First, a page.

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After violence in the Philippines, a refugee thrives in her new home

The morning routine on a school day at the Claver home operates like clockwork.

The father, Constancio, known as Chandu, rises before dawn, cleans up, puts rice on the stove.

At 5:55, he begins trying to wake the youngest of his three daughters. Alex, 12, gets to use the lone bathroom until 6:30, when it is turned over to 15-year-old Sandy.

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Everyone comes to the table at 7 a.m., when the father serves a traditional Filipino breakfast of eggs and garlic fried rice with a bit of meat or fish.

Then, the eldest daughter, Samantha, 17, gets the use of the bathroom before heading off to catch the 7:55 bus to Victoria High School.

After the girls are off to classes, Mr. Claver walks for a half-hour to his 10-hour shift as a client service worker at an emergency homeless shelter.

He arrived in Canada four years ago with what remained of his family. As a refugee, he expected hardships.

"I knew that before I came," he said.

He knows his girls miss cousins and friends back in the homeland they left so unexpectedly.

Last week, the family's routine was altered. Samantha, a Grade 12 student, travelled to Vancouver where she received an award of excellence from Mary Ellen Turpel-Lafond, B.C.'s representative for children and youth.

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The teenager has been active in two stage productions – Where is Home and My Forbidden Disorder – in which youth share their immigrant experiences. As well, she has helped develop programming for Project Respect, a program to help youth avoid being victims of sexual violence.

The press release announcing her award describes her coming to Canada "as a result of fear and violence in her home country."

That does not begin to tell the tale.

On July 31, 2006, while Samantha was attending a Girl Scout gathering in South Korea, her parents went about an ordinary morning in their home of Tabuk, a rice-growing centre and capital of Kalinga province in the northern Philippines. Her father, a medical doctor, supervised several health clinics for which his wife, Alyce, kept the books. The couple had met while promoting social justice for local indigenous people, whose poverty the doctor believed was responsible for many of their recurring illnesses.

The couple had just dropped off Alex at her school and were on their way to Sandy's school when they were attacked at a busy intersection.

"We were cut off by a van," Mr. Claver recalled. "Two riflemen came out and started shooting at the car. One on my left, one on my right. It happened so fast."

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A shot tore into his left shoulder. He ducked to his right, seeking cover beneath the dashboard. His wife, Alyce, sitting in the passenger seat, also ducked, covering his body with hers.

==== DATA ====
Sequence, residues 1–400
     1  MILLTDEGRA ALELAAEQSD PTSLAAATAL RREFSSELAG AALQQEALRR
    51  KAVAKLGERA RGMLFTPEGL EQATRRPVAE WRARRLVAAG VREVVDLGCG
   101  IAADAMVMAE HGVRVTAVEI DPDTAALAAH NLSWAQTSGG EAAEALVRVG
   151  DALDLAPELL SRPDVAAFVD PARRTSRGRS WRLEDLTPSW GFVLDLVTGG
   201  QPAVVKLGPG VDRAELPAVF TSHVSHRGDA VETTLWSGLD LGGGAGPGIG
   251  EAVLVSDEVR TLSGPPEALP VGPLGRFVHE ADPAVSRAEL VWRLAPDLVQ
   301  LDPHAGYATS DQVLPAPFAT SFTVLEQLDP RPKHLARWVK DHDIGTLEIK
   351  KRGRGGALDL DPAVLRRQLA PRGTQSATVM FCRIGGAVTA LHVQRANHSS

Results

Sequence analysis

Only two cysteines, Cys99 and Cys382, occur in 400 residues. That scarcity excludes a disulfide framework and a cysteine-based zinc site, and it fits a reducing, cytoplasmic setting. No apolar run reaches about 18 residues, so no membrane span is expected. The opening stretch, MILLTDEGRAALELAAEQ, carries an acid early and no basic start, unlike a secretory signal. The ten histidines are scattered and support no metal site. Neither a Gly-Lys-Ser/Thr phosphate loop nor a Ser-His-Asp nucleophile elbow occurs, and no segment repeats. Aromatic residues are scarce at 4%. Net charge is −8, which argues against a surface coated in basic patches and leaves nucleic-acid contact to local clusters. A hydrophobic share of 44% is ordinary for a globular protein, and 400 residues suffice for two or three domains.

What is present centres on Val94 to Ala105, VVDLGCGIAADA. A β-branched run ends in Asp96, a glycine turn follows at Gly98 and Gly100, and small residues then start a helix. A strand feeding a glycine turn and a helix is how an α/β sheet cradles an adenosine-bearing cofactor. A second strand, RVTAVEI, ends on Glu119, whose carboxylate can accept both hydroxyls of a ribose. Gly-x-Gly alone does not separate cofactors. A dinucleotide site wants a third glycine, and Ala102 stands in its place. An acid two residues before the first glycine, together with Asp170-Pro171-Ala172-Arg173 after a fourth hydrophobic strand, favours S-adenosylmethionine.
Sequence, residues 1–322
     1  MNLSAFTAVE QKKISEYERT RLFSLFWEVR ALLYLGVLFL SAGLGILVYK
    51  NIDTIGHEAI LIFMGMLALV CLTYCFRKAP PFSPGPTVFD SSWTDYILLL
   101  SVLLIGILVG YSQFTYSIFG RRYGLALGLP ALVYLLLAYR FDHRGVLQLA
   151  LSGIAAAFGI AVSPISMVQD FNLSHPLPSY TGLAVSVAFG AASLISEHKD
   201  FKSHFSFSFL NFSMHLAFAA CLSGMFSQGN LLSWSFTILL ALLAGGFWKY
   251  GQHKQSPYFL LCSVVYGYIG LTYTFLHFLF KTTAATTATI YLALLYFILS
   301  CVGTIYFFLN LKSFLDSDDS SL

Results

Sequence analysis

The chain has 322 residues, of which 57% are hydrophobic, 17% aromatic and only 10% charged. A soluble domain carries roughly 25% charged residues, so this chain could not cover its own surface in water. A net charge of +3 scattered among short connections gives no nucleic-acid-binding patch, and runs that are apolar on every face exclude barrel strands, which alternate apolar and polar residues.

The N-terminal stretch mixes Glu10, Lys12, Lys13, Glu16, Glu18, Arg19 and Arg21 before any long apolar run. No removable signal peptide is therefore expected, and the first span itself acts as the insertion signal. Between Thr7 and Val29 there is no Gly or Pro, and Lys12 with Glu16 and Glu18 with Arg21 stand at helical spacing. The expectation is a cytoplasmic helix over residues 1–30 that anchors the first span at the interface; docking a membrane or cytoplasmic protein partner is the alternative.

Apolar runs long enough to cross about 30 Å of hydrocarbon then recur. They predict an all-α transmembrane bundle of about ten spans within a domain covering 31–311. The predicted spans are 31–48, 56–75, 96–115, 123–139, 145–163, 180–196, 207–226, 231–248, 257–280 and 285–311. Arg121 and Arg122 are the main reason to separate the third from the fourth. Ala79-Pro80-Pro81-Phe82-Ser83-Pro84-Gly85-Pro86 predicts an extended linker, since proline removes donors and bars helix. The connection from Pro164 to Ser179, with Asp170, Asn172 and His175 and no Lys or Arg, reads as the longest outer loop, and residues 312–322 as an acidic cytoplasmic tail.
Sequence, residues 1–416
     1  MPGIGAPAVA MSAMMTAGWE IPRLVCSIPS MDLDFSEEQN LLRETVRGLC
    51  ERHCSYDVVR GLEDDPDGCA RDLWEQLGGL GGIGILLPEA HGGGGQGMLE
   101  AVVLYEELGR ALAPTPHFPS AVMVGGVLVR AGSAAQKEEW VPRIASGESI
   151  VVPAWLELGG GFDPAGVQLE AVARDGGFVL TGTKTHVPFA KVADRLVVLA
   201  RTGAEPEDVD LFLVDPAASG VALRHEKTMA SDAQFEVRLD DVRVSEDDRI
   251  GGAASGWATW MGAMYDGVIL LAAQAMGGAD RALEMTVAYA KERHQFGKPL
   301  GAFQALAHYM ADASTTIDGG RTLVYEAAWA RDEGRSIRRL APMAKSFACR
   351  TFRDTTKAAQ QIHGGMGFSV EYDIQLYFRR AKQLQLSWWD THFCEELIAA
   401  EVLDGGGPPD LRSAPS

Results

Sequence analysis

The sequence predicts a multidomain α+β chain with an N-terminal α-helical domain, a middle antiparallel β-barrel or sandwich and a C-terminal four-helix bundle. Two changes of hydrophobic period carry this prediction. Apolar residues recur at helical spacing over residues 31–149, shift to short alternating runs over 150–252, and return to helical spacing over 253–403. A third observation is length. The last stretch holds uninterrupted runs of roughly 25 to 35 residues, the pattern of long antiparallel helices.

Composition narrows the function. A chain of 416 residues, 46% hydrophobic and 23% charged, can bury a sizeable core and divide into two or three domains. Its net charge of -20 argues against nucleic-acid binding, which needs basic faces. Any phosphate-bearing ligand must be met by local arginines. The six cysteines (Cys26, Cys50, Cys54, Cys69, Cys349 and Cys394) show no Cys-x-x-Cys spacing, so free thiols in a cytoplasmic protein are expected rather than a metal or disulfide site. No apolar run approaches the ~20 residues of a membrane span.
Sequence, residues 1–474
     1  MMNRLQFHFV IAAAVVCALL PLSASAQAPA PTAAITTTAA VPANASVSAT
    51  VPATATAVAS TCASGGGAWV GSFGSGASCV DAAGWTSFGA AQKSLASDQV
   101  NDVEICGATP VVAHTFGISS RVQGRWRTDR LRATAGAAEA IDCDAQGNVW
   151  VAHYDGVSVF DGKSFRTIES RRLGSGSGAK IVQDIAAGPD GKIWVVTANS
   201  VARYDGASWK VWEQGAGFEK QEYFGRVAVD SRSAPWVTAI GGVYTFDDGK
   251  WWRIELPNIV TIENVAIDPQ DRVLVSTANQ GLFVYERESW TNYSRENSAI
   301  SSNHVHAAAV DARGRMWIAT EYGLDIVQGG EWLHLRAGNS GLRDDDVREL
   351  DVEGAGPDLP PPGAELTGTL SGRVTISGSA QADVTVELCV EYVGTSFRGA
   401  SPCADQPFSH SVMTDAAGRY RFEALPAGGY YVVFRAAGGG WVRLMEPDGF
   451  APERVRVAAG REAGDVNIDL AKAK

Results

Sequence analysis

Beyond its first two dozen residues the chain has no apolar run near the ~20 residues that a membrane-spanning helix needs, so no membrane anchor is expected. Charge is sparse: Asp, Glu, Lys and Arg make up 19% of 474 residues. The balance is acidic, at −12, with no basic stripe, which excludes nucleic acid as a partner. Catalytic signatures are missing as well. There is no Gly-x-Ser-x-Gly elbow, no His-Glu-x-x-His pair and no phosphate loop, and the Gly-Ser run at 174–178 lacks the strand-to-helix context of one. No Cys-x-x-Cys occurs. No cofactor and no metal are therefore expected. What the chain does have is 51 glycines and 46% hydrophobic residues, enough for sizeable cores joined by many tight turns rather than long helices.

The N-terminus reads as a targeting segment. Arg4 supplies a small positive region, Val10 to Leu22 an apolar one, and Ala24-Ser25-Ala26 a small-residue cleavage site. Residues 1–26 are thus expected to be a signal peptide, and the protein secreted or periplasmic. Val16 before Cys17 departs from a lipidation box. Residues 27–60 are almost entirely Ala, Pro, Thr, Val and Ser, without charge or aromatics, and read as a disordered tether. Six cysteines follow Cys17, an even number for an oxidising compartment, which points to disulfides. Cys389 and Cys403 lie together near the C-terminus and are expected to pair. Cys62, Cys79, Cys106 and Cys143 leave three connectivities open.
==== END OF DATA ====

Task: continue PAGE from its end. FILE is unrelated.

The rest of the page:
In the back seat, Sandy cowered as low as she could go.

The shots kept coming.

"We were thinking they would come and finish us off," he said.

Instead, the gunmen fled in their van.

Later, 38 cartridge cases would be found on the roadway.

The doctor bled profusely from the shoulder wound. His wife was struck by seven bullets, grievously wounded, though still able to talk. Sandy suffered a grazing head wound.

The parents were rushed to surgery. Mr. Claver remembers hearing his wife calling relatives on a cellphone, urging them to take care of the daughters.

"I made it," he said. "She didn't."

The shooting was a high-profile case in the Philippines, where government agents with ties to the military were suspected of the attack. More than 900 Filipinos have been the victims of extra-judicial killings in the past decade.

The doctor stayed in safe houses after the attack, but received a warning that his daughters were in danger.

Mr. Claver quickly arranged what everyone was told was to be an extended holiday. He did not tell the girls that he planned on seeking refugee status after arriving in Canada. Once here, the daughters discovered in his luggage a Philippine cookbook. The secret was out. This was to be more than a visit.

The family received refugee status, becoming permanent residents.

Mr. Claver, unable to practice medicine here, took a janitorial job with the Cool Aid Society. He found a two-bedroom home to rent, taught himself to cook, attentively monitored his daughters' progress at school.

News of Samantha's latest honour was warmly received.

"It brings great satisfaction," Mr. Claver said. "It shows they're fitting in. For myself, it was a big worry, having to transplant them suddenly to Canada. They were never prepared for this.

"It's a good sign."

As for Samantha, she plans to become a doctor. Like her father.

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